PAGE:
by Kaetlyn Wilcox (pic links to her blog)
The Library Journal recently posted a run-down of how libraries have responded to Harper Collins’ eBook policy. Here’s one example:
The Kansas State Library decided this month to suspend adding any HarperCollins ebooks to the statewide consortium platform, which services 330 public libraries in the state.
“We are not trying to punish HarperCollins,” Jo Buder, the state librarian, told LJ. “We are just trying to figure out a way to provide these titles without damaging customer service. What do we do for a person who is 27th in line and has a hold? What does it mean to catalogers? It’s just all very bad customer service decisions,” she said.
Buder is now heading a task force that has been formed by the Chief Officers of State Library Agencies (COSLA) that is debating a response to HarperCollins. The task force teleconferenced on March 9 with representatives from Georgia, New York, New Jersey, Massachusetts, Alaska, Colorado, Ohio, Texas, and Tennessee participating.
“We decided that we really want to approach publishers [directly], HarperCollins in particular, because we want to understand the issues more,” Buder said. “The interest is really so high.”[read the full article]
It’s always impressive to see so many libraries taking a concerted stand.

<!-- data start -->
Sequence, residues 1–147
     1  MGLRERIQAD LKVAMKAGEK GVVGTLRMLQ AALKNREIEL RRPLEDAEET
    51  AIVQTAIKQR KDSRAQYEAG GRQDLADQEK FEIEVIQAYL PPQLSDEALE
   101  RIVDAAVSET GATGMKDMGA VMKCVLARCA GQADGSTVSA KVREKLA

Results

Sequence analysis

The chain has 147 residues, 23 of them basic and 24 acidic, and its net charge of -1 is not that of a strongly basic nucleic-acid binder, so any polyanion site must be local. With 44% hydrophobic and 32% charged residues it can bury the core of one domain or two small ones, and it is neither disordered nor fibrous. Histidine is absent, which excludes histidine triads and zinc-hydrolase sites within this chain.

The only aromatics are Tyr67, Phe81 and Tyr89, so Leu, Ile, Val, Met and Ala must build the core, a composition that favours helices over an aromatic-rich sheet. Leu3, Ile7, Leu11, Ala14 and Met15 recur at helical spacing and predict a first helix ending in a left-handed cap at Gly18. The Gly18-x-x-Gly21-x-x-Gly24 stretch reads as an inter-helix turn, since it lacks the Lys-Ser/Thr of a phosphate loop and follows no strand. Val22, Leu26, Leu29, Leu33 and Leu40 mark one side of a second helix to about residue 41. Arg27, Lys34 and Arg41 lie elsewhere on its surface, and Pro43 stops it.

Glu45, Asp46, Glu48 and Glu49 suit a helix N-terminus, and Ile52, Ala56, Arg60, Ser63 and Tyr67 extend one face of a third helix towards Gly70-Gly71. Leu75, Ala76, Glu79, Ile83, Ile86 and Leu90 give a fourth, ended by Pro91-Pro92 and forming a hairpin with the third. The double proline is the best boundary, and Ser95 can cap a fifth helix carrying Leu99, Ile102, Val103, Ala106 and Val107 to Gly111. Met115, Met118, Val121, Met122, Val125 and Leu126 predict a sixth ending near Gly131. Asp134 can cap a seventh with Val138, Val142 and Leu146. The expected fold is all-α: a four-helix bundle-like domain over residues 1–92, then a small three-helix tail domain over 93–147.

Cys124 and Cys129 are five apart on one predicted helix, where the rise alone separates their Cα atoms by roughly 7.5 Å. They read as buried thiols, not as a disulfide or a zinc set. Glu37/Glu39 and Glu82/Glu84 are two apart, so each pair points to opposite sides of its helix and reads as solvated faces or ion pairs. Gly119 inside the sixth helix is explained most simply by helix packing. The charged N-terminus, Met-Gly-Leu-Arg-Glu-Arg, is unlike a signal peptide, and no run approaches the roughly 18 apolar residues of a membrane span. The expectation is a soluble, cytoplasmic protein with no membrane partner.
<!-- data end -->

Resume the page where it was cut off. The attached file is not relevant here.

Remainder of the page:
Looking down the road, what will a solution look like? An article in the Atlantic puzzles on this, and points to the approach taken by the NYPL and OverDrive:
Potash, whose Cleveland-based company has thrived in the often contentious atmosphere of dynamic change, believes that the solution is to recognize that even the demand for most bestsellers eventually settles down, and the number of e-books that libraries would have to re-purchase will turn out to be relatively small in the broader scheme of activity. OverDrive’s largest customer, the New York Public Library, is floating an intriguing concept: a form of metering. Once purchased, a book would be available for an extended period, and thereafter a small charge would accrue for further loans. For example, the New York system now has 125 copies of Stieg Larsson’s The Girl with the Dragon Tattoo, but in three years it may only need a handful, and the revenue impact of pay-per-use could turn out to be small. Moreover, “dog-eared printed books” as one senior librarian explained to me, have always been replaced, and e-books significantly reduce the time, trouble, and expense of returning books back onto shelves.[read the full article]
The pay-per-use model has cropped up in other ideas for a compromised solution. Like a variable rate mortgage, it’s entirely possible that a pay-per-use model could save money in the long run. It could also end up costing more. It’s difficult to say, and it’ll be important to watch how libraries that adopt the model fair.
Pay-per-use may not be the most ideal solution. But in some form, it might be the best deal libraries will get, since publishers have the content, our users want access, and libraries who don’t have it will be left by the wayside.
If some libraries feel over a barrel, it’s because they are.